The clean channel offers tons of glassy chime, plenty of clarity, and great note separation—but with a lovely harmonic swirl that adds depth and dimension and keeps the Black Cat from sounding brittle.
The two footswitchable channels are designated clean and lead, and each has an independent volume and master volume control. They share treble, bass, and cut controls, as well as reverb level and intensity and speed for the bias-modulated tremolo. The back panel features an input for the included 2-button footswitch that handles channel switching and tremolo on/off. There are also a send and return for the buffered effects loop, speaker outs rated at 4 ohms, 8 ohms, 16 ohms, 2x8 ohms and 2x16 ohms, a line out, and power and standby switches.
The rugged cabinet is made from Baltic birch ply and measures 23.75" x 19" x 10.5", and the amp further signals its roadworthiness by way of a substantial 48-pound carry weight. The single 12" speaker is a 60-watt Celestion that Bad Cat says is a variation on the Vintage 30. And though the black vinyl, gold-grille cloth, and gold piping look a touch businesslike, they also tie a visual line to Bad Cats old and new. I think most guitarists will find the simpler light-up logo plate elegantly understated as well.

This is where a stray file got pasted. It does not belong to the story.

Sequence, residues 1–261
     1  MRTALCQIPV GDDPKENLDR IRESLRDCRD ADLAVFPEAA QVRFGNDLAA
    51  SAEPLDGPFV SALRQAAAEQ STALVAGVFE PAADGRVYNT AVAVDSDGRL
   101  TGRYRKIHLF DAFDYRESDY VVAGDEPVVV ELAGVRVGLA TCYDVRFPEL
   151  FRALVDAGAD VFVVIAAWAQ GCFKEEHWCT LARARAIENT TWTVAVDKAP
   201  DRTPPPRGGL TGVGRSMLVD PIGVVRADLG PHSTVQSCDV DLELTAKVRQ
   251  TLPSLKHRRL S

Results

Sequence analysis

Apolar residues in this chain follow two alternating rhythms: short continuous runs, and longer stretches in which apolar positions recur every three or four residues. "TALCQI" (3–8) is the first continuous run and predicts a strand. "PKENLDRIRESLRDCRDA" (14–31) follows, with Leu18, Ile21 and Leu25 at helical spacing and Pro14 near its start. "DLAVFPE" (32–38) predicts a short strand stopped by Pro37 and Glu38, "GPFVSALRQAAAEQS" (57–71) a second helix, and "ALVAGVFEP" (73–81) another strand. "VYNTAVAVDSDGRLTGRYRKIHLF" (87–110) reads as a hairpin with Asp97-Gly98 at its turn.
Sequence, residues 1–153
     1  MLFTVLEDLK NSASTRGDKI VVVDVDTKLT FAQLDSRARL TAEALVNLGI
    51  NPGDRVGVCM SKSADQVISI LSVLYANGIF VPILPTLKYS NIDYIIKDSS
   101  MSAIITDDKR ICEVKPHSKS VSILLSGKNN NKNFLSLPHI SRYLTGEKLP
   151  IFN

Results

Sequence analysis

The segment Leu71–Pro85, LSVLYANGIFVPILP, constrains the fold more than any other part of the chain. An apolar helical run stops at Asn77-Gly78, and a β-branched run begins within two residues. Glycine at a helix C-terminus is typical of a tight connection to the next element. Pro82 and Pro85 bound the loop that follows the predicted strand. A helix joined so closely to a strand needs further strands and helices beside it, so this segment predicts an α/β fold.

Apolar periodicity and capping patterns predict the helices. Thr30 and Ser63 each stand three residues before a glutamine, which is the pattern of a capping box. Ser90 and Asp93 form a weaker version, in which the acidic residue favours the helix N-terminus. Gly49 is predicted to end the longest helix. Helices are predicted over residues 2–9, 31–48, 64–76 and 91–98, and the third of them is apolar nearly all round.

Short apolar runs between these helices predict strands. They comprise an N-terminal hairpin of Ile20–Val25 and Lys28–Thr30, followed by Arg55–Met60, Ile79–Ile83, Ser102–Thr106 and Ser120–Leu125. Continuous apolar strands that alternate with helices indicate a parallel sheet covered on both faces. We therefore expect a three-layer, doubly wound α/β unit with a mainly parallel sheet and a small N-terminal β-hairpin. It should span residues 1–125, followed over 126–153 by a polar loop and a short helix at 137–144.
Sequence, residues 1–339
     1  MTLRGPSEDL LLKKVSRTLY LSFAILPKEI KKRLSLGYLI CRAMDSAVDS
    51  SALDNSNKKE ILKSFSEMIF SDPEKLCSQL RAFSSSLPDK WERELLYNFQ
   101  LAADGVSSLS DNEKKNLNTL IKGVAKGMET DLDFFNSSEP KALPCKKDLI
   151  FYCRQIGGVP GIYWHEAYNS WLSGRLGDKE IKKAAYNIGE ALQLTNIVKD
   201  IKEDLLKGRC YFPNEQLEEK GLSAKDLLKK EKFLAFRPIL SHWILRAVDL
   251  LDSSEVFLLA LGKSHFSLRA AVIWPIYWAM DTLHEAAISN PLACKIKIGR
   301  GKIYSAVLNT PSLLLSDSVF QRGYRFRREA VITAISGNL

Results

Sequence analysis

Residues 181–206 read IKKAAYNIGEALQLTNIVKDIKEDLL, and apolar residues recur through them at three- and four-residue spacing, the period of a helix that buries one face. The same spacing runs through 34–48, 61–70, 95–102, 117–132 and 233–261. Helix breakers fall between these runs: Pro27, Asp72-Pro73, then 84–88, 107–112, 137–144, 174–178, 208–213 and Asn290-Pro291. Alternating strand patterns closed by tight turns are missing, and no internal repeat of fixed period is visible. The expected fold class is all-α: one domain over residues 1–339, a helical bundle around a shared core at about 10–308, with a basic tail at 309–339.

I tested the new Black Cat with two very classic and familiar guitars—a Gibson 1959 Les Paul reissue and a Fender 1954 Telecaster reissue. With both instruments, the new Black Cat combo hinted heavily at Bad Cat, Vox, and Marshall tonalities of yore, but with flexibility and range I don’t remember hearing before in Black Cats. The clean channel offers tons of glassy chime, plenty of clarity, and great note separation—but with a lovely harmonic swirl that adds depth and dimension and keeps the Black Cat from sounding brittle. Pushed toward maximum volume, it starts to break up just enough to add bite and texture. But there’s a lot of headroom for a 20-watt amp, and the Telecaster in particular stayed characteristically clean through much of the volume range with the master maxed out.
Like many of its predecessors, the Black Cat is predisposed toward brightness, so I usually kept the treble around 10 o’clock. Easing back on my Telecaster’s tone knob a couple of ticks helped further rein in any ice-picky tendencies. The amp’s cut knob is a huge asset, too, reducing the high-frequency content at the output stage as you turn it up. The tremolo delivers a rich, toothsome throb with great range of speed and depth, and I doubt many players apart from die-hard surf devotees will bemoan the replacement of springs with digital reverb. It sounds evocatively atmospheric without obscuring the core tone.